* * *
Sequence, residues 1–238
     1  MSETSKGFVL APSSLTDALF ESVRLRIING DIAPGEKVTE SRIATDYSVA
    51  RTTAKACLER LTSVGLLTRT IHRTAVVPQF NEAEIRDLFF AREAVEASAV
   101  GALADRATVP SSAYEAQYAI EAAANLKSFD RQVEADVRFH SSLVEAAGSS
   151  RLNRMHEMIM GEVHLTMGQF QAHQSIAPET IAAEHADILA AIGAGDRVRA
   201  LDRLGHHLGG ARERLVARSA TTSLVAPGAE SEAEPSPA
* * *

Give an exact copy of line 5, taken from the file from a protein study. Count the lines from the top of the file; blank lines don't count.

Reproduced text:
   151  RLNRMHEMIM GEVHLTMGQF QAHQSIAPET IAAEHADILA AIGAGDRVRA